Long-time fans of Trail’s End may remember when it offered both a breakfast and lunch buffet. The trick was to get a dining reservation near the end of breakfast so that your first plate or two was breakfast food and the rest was lunch. Eventually, Disney decided to move Trail’s End to a la carte dining for lunch, and the world was suddenly a darker place for many. Time to come out of that dark place, because Trail’s End now offers a weekend brunch buffet from 7:30 AM to 2 PM daily. (And for those who love some of the unique offerings on the lunch menu, it will still be offered on weekdays.)
Part of the challenge with dining at Trail’s End, located at the Settlement part of Fort Wilderness (next to the Hoop De Doo Revue) is getting there. If you are driving, you have to park at the Outpost and take a Fort Wilderness internal bus to get to the Settlement. This means that you’ll want to arrive at Fort Wilderness at least a half hour before your dining reservation (and 45 minutes to an hour is ideal). From the Magic Kingdom, you can take a boat directly to the Settlement. From any other theme park, you’ll be dropped off at the Outpost and then still need to take an internal bus. But enough about logistics–let’s talk food.
We grabbed a dining reservation for 10:40, and when we got seated, we found that the “lunch” part of the buffet was already being served alongside the breakfast options. The price for the buffet is $23 for ages 10 and up, and $13 for 3-9 (prices include tax but not gratuity). The price includes non-alcoholic beverages, including “moonshine juice” (the breakfast staple of orange, passion fruit, and guava juices). Adult beverages are also available for purchase.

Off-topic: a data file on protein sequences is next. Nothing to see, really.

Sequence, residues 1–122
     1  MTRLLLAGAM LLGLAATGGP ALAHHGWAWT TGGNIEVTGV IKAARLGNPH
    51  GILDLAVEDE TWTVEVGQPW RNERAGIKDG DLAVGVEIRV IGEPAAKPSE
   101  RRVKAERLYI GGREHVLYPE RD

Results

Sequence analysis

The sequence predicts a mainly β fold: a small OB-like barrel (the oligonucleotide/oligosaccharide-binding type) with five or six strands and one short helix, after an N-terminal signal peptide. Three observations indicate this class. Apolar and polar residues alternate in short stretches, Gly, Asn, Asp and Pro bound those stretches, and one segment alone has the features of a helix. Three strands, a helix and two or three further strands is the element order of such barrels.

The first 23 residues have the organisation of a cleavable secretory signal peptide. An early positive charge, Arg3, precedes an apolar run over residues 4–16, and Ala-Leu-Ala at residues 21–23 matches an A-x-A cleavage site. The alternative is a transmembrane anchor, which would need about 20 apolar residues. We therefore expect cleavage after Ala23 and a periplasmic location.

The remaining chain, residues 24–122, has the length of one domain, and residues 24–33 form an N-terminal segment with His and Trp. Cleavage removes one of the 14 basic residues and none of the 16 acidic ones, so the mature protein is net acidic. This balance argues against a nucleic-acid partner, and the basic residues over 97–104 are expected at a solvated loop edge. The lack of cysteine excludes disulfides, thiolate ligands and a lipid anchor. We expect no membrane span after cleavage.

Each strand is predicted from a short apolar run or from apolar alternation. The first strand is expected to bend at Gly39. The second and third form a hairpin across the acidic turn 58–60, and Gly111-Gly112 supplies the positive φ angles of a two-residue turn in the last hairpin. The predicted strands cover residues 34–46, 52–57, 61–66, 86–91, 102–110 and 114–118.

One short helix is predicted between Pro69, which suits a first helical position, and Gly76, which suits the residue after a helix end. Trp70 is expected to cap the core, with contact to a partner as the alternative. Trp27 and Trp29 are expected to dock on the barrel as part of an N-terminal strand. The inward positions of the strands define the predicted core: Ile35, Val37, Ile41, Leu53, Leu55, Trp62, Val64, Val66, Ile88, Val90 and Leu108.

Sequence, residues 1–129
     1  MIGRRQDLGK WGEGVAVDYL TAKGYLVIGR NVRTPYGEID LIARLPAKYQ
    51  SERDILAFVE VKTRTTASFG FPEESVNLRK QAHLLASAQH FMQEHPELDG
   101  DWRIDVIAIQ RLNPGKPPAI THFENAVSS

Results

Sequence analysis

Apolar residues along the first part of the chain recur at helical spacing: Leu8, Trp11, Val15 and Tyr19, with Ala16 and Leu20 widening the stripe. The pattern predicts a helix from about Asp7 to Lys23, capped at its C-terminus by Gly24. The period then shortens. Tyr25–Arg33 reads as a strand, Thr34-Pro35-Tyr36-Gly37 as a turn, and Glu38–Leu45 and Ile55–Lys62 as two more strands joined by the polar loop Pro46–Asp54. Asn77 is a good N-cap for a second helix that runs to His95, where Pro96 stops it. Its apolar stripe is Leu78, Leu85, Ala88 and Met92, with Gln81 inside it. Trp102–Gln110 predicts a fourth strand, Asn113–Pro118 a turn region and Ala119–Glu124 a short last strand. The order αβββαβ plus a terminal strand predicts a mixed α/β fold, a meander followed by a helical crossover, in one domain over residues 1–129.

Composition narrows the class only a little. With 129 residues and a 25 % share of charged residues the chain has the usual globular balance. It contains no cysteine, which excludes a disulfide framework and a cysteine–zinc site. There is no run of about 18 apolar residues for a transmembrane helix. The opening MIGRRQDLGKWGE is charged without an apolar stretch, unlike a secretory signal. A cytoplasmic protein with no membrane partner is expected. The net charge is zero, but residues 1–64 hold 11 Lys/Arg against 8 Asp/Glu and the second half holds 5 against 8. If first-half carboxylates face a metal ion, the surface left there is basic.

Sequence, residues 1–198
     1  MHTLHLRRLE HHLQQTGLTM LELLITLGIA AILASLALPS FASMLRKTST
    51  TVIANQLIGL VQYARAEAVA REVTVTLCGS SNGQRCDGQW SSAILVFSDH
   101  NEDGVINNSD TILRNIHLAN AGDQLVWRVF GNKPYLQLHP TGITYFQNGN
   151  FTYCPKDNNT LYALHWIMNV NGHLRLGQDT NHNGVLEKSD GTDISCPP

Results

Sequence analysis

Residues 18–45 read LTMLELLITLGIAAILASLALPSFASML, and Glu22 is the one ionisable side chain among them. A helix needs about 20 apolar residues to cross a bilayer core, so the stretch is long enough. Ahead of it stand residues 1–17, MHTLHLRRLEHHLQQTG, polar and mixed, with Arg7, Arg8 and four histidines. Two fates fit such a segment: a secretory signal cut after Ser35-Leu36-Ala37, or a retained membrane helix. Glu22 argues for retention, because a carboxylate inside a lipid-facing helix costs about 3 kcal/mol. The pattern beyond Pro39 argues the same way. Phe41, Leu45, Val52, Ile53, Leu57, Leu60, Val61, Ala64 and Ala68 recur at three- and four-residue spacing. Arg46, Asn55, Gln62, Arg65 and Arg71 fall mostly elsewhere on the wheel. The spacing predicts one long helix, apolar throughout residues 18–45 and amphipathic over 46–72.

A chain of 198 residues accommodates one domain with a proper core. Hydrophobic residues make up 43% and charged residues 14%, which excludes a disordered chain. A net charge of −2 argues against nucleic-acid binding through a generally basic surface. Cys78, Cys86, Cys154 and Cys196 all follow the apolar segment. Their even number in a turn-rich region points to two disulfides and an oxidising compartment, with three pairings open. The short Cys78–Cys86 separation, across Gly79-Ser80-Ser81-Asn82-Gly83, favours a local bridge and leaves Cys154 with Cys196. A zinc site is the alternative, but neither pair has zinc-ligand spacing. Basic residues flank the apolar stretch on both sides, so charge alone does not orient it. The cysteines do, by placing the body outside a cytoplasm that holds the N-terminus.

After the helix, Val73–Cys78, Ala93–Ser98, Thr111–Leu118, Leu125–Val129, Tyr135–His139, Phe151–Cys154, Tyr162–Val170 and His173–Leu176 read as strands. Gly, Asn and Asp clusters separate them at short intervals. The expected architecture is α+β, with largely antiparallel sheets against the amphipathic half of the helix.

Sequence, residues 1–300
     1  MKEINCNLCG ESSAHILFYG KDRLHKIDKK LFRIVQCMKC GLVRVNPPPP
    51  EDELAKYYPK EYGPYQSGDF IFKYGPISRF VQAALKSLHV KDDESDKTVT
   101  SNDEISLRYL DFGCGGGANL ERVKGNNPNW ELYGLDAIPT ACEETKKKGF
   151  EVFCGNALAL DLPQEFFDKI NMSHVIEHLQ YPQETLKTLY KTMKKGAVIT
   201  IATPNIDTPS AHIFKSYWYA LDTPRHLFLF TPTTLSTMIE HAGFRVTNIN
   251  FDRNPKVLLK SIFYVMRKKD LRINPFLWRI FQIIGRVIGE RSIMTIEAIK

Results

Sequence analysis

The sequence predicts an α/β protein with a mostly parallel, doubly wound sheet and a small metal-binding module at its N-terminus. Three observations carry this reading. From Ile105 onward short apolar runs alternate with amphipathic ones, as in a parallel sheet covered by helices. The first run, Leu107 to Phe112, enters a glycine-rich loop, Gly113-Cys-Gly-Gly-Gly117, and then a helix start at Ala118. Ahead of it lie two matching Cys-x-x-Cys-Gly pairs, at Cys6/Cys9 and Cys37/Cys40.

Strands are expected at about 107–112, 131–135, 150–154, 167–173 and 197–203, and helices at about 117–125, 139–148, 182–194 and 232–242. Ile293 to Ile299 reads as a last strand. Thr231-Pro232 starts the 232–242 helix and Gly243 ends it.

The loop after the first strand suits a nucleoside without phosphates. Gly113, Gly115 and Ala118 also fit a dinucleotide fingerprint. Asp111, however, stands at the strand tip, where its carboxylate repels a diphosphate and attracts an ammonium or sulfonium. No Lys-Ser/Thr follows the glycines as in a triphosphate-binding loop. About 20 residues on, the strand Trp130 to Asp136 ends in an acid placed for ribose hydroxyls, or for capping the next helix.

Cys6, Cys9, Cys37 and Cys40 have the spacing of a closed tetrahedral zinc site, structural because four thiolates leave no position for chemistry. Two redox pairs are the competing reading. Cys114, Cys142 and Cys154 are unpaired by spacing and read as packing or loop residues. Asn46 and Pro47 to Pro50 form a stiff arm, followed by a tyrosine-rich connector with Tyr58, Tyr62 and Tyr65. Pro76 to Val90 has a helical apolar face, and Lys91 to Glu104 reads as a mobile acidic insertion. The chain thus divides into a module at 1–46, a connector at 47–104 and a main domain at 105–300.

For the breakfast side of things, many of the foods are pretty standard Disney breakfast buffet. You’ve got Mickey waffles, bacon, eggs, and so on. There were a few unusual stand-outs, however. On the carving station, they had carved honey ham and carved slab bacon.
There also was an amazing smoked beef hash, which was breakfast potatoes, peppers, onions, and huge chunks of smoked beef brisket. Other offerings on the hot breakfast include breakfast pizza, grits, biscuits and gravy, eggs benedict, and hash browns. On the menu outside, it mentioned made-to-order omelets, but there wasn’t a specific place set up for it that I could tell. That said, with all the foods available, I couldn’t have eaten an omelet if I tried.
Hot offerings more in line with lunch included fried chicken, mashed potatoes and gravy, macaroni and cheese (served Trail’s End style with goldfish crackers), a pesto pasta with vegetables, and steamed vegetables.
The “cold offerings” were heavily slanted towards brunch offerings with salads, fruit, peel and eat shrimp, and smoked salmon.
Although the food was delicious and fresh, the kitchen did seem to have a challenge keeping Mickey waffles in stock. In addition to regular syrup, there was a pecan praline topping that tasted like a melted pecan pie. It was delicious on the waffles, but consider putting some on the apple cobbler from the dessert area.
Dessert area? You bet, partner! If red velvet cake pancakes can be a thing for breakfast, why not red velvet cake itself? (That’s my story and I’m sticking to it.) The dessert area included S’mores bites (which were essentially marshmallows held together with graham cracker crumbles and chocokate), cookies, and more “normal” breakfast “desserts”, such as pastries, doughnut holes, and sticky buns. But the winner for me was the hot apple cobbler.
Overall, Trail’s End would be a rough brunch to have if you’re trying to make the most out of a park day, but the very nature of Fort Wilderness is geared around kicking back and embracing the slow life. The food was all delicious, and our server was on the ball about bringing drink refills and clearing plates without making us feel rushed to vacate the table. With the great variety of foods offered for the breakfast and lunch side of things, brunch is well worth the trip to Fort Wilderness, and a great value for the foods offered.